He is right of course right that, if a group of people calling themselves Al Qaeda happen to be exert control over territory in the Middle East through violent means, it doesn’t necessarily imply an direct or immediate threat to the United States. The problem is that, when people calling themselves Al Qaeda left Sudan in 1996 to set up a headquarters in Afghanistan, they did not pose a direct or immediate threat to the United States that time either—until they did.

Does he not think it significant that groups of people, who are organized around a common ideology that is strongly anti-western and who use a common name, are gaining territory on two different continents and are recruiting converts internationally—regardless of the nature of their links to the late Osama bin Laden’s inner circle?

The amount of time and effort that the president and his spokespeople put into parsing and distinguishing the idea of “core Al Qaeda” versus Al Qaeda affiliates, allies, wannabes, etc. tends to confuse rather than shed light on the extent of any threats these groups pose. Presumably, this is a byproduct of the Benghazi issue, which refuses to die. Republicans have been loath to let that attack fade into history, although lately it has been others who are keeping it alive.

In December The New York Times published an in-depth piece on the Benghazi attack by David Kirkpatrick that was clearly intended to be the last word on the subject. It raised eyebrows by dismissing the idea of Al Qaeda involvement and giving credence to the administration’s original insistence that a YouTube video was to blame. But Kirkpatrick’s assessment wasn’t nearly as clear cut as his detractors and defenders made it sound. He wrote, “Benghazi was not infiltrated by Al Qaeda, but nonetheless contained grave local threats to American interests. The attack does not appear to have been meticulously planned, but neither was it spontaneous or without warning signs.”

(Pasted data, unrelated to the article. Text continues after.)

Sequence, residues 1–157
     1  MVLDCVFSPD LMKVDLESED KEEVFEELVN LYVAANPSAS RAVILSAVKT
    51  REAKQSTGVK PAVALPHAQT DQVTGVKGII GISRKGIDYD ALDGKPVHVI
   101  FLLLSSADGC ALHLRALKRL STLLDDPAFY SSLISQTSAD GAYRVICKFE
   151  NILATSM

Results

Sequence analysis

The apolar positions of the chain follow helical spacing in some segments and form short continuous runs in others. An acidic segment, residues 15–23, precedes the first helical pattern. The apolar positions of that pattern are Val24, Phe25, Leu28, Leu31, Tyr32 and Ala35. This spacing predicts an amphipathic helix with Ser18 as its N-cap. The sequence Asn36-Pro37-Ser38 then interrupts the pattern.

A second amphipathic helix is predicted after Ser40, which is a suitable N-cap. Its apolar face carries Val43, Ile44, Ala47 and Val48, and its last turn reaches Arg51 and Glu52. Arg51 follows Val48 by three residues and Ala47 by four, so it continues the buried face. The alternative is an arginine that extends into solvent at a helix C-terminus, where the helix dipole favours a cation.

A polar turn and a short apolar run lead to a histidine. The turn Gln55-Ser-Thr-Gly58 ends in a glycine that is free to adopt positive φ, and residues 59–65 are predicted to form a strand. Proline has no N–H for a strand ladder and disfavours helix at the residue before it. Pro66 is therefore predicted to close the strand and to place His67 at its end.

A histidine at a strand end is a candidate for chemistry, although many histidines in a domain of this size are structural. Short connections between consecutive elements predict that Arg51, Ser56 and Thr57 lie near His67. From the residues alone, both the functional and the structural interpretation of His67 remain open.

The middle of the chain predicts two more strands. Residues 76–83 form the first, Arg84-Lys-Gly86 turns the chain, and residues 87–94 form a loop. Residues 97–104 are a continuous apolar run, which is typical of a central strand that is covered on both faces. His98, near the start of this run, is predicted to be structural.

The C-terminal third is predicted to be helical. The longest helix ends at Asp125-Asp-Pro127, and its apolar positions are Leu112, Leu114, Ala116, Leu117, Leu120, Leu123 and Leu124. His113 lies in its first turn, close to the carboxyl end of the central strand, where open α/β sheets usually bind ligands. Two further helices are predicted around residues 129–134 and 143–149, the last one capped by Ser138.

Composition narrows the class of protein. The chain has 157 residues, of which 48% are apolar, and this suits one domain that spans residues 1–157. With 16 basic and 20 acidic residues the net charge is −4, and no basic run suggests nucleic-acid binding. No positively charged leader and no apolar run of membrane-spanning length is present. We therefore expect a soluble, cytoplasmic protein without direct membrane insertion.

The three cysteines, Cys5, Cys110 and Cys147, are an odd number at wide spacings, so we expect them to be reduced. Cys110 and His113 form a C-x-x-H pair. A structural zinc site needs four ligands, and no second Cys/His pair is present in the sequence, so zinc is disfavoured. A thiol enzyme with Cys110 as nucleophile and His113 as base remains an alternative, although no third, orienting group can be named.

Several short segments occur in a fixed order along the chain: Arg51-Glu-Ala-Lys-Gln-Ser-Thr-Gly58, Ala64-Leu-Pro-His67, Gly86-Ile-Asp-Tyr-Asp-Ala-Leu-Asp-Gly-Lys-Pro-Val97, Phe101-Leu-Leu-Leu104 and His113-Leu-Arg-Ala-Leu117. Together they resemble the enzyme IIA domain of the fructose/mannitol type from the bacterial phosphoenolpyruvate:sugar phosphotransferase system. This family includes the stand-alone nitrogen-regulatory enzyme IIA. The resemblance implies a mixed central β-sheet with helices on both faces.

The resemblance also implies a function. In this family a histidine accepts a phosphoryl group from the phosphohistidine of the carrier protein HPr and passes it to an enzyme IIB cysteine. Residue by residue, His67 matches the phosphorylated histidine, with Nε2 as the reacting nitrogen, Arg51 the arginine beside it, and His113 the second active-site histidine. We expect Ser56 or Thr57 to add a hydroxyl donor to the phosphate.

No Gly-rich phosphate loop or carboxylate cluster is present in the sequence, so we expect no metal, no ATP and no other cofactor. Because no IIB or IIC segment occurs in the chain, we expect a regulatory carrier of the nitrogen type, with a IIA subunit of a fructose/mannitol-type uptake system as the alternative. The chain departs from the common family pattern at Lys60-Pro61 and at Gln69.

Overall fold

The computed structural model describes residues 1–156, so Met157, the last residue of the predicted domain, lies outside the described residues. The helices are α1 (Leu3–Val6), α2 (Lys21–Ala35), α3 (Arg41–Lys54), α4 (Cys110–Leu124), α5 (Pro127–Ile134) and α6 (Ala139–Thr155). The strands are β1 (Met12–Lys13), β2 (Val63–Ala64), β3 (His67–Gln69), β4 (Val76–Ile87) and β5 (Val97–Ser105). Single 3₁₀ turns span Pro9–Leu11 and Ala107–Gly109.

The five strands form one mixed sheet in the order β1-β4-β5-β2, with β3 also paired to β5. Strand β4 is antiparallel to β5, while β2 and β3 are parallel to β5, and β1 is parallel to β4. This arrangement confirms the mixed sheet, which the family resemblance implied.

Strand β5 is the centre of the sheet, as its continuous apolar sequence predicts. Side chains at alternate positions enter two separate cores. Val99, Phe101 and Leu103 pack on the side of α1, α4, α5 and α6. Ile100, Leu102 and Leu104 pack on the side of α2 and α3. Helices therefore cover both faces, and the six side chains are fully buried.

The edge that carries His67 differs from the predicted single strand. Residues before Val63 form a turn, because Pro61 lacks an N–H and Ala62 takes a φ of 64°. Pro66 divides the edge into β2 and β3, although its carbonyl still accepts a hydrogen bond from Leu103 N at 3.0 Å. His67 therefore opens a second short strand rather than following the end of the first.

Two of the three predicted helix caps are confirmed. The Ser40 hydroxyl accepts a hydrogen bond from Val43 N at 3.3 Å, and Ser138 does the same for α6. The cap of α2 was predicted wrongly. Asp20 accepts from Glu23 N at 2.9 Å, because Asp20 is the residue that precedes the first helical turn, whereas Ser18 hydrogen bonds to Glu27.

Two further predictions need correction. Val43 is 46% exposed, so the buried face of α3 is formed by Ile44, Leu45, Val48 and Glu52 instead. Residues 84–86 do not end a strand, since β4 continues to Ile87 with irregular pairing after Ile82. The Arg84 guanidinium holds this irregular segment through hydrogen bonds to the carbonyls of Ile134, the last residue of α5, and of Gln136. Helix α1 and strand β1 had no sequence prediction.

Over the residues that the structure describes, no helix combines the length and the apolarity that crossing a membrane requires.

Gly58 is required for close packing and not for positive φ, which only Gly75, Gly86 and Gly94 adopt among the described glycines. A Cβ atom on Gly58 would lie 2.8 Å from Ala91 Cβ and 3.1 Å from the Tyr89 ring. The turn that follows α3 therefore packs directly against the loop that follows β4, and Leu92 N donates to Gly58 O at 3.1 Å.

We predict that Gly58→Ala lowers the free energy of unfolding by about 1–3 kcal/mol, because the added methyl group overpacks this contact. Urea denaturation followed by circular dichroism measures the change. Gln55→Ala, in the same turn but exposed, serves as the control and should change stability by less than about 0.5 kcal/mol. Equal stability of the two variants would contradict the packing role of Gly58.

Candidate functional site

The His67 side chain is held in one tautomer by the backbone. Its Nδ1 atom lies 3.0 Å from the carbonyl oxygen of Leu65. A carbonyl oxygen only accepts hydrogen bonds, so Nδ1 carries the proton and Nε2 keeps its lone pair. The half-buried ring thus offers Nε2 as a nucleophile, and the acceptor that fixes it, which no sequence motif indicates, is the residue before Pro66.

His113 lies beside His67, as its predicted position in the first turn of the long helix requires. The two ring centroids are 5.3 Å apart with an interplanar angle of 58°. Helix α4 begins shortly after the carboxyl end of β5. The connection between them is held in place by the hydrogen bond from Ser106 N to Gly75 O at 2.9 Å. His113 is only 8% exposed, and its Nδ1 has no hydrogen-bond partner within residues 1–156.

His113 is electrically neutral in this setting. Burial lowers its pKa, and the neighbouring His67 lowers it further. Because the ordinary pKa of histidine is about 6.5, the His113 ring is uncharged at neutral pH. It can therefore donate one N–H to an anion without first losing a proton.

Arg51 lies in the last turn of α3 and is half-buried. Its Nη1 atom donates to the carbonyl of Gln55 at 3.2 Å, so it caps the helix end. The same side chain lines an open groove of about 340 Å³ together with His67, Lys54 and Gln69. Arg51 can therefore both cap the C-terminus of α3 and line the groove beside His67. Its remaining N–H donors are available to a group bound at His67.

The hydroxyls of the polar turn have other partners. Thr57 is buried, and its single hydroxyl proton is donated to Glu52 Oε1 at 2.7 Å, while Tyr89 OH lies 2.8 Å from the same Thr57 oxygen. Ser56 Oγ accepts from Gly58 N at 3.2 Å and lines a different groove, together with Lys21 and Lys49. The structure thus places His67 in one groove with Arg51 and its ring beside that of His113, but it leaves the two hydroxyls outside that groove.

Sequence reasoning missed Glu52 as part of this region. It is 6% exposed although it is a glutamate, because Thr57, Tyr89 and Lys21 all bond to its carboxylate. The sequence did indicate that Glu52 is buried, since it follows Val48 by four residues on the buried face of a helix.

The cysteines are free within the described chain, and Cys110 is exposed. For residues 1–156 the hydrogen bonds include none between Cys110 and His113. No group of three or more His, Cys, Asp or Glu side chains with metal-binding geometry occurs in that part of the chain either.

Unfortunately for this grand summation, less than three weeks later the Senate Intelligence Committee, chaired by Dianne Feinstein, released its report on the matter stating, “Individuals affiliated with terrorist groups, including AQIM [Al-Qaeda in the Islamic Maghreb], Ansar al-Sharia, AQAP [Al-Qaeda in the Arabian Peninsula], and the Mohammad Jamal Network, participated in the September 11, 2012, attacks.”

The thing is that the basic facts about the Benghazi attack—including who the perpetrators were—have been pretty well known since soon after it occurred a year ago last September. All of the arguing about it ever since has been about the spin. That is why there is so much pointless discussion over whether this group or that group were “real” or “core” Al Qaeda or merely affiliates or sympathizers. As someone once demanded to know, “What difference does it make?”

And that is precisely the point. That rhetorical question was, of course, asked by Hillary Clinton, secretary of state at the time of the attack. She is one of the main reasons that there is so much furious spinning on both sides about the attack. One side wants her possible presidential campaign damaged. The other side wants it not to be.

That’s what difference it makes. American foreign policy which, at one time, was fairly bi-partisan, has become extremely politicized.

In any event, there are more interesting tidbits in Remnick’s article that shed light on President Obama’s foreign policy thinking and which deserve exploration.